SACRAMENTO, Calif. -- President Donald Trump threatened Wednesday to withhold money to help California cope with wildfires, a day after new Gov. Gavin Newsom asked him to double the federal investment in forest management.
Trump again suggested poor forest management is to blame for California's deadly wildfires and said he's ordered the Federal Emergency Management Agency to stop giving the state money "unless they get their act together."
Fire scientists say climate change, not poor forest management, is the driving contributor to California's increasingly destructive wildfires, many of which have not been primarily in forests.
FEMA could not immediately comment because of the government shutdown. Trump has previously threatened to withhold wildfire payments but never followed through.
Hours after Trump's tweet, the state's emergency operations agency said FEMA is extending its deadline for victims of deadly November wildfires to seek assistance.
Newsom, a Democrat who took office Monday, said Californians affected by wildfires "should not be victims to partisan bickering."
Sen. Dianne Feinstein, D-Calif., in a statement said, "It's absolutely shocking for President Trump to suggest he would deny disaster assistance to communities destroyed by wildfire."
House Speaker Nancy Pelosi, D-Calif., called on Republicans to condemn Trump.
"We should work together to mitigate these fires by combating climate change, not play politics by threatening to withhold money from survivors of a deadly natural disaster," Sen. Kamala Harris, D-Calif., tweeted.
Several Republican lawmakers who represent the town of Paradise, which was leveled by a fire in November that killed 86 people, said Trump's tweet was not helpful.
"These are American citizens who need our help," U.S. Rep. Doug LaMalfa said.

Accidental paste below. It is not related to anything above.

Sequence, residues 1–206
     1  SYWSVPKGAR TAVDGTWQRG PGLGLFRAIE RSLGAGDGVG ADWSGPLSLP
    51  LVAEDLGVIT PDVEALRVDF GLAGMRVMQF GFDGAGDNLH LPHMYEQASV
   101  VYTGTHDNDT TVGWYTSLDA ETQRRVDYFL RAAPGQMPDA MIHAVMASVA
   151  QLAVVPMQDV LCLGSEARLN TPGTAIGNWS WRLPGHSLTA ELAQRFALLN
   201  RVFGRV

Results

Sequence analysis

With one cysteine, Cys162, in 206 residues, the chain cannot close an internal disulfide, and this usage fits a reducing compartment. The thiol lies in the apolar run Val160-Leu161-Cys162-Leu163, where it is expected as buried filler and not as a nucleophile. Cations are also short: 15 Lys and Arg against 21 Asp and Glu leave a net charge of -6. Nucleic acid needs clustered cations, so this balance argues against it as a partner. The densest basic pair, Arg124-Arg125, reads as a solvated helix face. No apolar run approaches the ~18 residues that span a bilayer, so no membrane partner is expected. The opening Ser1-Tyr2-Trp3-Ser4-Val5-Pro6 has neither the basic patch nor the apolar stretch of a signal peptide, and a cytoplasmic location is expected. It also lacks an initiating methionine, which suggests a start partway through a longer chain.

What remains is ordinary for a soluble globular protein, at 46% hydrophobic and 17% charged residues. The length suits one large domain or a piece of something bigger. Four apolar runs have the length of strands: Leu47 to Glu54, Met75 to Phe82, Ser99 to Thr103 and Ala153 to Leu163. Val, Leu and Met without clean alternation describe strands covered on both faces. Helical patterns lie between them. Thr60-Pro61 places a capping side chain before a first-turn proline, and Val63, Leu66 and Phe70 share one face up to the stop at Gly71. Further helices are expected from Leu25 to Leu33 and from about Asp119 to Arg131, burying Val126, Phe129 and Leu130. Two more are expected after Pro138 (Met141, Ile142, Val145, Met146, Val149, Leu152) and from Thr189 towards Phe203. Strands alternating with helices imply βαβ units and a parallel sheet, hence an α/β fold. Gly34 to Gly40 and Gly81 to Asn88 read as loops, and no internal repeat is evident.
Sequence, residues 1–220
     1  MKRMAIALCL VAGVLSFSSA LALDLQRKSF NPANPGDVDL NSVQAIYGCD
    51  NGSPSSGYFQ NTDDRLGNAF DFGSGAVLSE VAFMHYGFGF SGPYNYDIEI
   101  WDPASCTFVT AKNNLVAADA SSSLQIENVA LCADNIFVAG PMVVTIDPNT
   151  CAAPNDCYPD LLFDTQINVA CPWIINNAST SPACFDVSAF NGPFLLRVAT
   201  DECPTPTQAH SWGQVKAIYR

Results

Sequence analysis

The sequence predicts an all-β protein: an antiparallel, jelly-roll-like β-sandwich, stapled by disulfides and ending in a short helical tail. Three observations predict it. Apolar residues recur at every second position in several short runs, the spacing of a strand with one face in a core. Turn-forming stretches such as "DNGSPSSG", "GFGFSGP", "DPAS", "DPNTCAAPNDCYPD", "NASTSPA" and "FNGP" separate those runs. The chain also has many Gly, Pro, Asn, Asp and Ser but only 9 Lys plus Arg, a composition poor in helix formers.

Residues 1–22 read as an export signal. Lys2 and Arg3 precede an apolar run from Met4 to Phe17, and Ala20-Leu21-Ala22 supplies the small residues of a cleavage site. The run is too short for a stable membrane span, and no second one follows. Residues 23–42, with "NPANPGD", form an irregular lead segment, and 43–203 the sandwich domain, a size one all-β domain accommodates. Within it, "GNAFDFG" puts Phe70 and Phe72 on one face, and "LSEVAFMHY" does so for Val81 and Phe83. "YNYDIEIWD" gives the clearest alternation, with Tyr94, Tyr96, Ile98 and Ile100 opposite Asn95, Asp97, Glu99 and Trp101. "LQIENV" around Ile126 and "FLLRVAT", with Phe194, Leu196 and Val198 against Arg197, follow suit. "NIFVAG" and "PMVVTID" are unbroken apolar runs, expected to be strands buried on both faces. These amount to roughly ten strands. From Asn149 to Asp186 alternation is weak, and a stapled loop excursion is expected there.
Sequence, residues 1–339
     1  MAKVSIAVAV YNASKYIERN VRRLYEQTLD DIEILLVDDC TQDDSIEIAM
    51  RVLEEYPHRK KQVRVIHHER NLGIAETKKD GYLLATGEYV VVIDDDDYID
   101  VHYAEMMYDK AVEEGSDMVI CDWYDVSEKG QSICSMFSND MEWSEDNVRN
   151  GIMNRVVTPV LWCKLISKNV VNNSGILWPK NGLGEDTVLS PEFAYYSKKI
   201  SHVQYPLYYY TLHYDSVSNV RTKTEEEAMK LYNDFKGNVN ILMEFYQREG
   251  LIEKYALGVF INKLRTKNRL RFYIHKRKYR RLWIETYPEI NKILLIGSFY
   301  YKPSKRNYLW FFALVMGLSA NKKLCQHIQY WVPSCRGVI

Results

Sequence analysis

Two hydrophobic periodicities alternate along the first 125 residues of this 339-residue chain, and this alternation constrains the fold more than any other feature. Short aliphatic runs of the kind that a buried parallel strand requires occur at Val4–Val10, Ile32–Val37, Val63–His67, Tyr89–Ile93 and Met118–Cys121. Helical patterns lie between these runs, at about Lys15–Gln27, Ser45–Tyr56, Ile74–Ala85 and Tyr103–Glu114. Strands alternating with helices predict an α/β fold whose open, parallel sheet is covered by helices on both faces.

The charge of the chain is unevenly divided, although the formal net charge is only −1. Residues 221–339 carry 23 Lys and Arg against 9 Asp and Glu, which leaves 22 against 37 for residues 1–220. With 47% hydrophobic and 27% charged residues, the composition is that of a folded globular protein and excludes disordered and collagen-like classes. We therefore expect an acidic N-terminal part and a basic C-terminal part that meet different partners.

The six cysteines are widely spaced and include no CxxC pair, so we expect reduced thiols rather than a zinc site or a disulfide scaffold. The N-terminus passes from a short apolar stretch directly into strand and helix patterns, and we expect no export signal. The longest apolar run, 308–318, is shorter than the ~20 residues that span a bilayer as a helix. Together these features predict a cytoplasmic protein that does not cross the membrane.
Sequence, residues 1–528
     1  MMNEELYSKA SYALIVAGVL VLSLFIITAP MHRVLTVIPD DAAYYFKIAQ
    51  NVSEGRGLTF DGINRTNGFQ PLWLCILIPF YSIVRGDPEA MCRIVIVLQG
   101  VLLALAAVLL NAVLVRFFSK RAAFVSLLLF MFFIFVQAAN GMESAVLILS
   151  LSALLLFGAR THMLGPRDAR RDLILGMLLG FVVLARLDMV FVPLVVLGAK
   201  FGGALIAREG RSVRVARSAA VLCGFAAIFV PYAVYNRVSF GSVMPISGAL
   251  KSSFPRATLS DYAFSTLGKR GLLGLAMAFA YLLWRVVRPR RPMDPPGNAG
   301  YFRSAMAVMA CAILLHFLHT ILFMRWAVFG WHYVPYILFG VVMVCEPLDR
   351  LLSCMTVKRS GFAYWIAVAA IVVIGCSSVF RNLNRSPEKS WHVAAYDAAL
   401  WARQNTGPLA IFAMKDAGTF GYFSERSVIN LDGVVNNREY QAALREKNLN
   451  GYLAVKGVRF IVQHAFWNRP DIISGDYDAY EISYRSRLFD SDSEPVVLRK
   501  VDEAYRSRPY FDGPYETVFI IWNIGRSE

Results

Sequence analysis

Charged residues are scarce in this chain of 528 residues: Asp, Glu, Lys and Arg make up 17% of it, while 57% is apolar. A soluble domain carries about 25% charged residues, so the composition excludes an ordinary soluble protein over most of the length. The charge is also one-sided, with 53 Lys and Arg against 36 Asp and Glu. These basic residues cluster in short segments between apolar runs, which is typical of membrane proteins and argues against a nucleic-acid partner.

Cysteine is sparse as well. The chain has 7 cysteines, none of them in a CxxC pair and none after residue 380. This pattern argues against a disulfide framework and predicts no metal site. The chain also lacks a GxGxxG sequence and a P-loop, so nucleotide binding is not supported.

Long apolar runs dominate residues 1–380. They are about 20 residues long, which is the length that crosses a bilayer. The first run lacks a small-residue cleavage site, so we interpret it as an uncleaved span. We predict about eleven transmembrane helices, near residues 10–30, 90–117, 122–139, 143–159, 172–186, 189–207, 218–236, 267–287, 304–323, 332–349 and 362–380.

But Republican House Minority Leader Kevin McCarthy, of California, defended Trump's comments on forest management and did not criticize his threat to withhold funding. McCarthy said he'll propose more money for forest management as part of Democratic spending bills this week to reopen the government. But Republicans ultimately don't plan to back the spending bills.
Whether the president has the authority to rescind FEMA funding that has already been approved remains unclear. Guidelines for the way federal dollars flow after the president declares a national disaster, like he did after the wildfires in California last year, are outlined in the Stafford Act, said Rafael Lemaitre, the former director of public affairs for FEMA under President Barack Obama's administration.
"I'm not aware of any mechanism where you can say, 'I'm undeclaring a state of disaster,'" Lemaitre said.
Newsom and Gov. Jay Inslee of Washington and Gov. Kate Brown of Oregon on Tuesday sent a letter to the president asking him to double federal funding for forest management. California has pledged $1 billion over the next five years to ramp up its efforts, which include clearing dead trees that can serve as fuel.
Lawmakers approved that money last year, and Newsom said Tuesday that he'll add an extra $105 million in his upcoming budget for wildfire-related spending.
More than half of California's 33 million acres of forest are managed by the federal government, and the letter noted the U.S. Forest Service's budget has steadily decreased since 2016. State and local governments own just 3 percent of forests and the rest is owned by private owners and American Indian tribes, according to the University of California.
"Our significant state-level efforts will not be as effective without a similar commitment to increased wildland management by you, our federal partners," the letter read.
Newsom's office didn't immediately respond to requests for comment about how much money the state has received from FEMA after recent wildfires.
Most FEMA money goes directly to victims through disaster assistance. The agency approved more than $48 million in individual and household assistance related to deadly wildfires in November, according to its website.
In a Tuesday event on wildfire safety, Newsom had praised Trump for always providing California with necessary disaster-relief funds.
Information for this article was contributed by Kathleen Ronayne of The Associated Press; and by Amy B Wang and Katie Mettler of The Washington Post.
A Section on 01/10/2019
Print Headline: Trump threatens to yank fire aid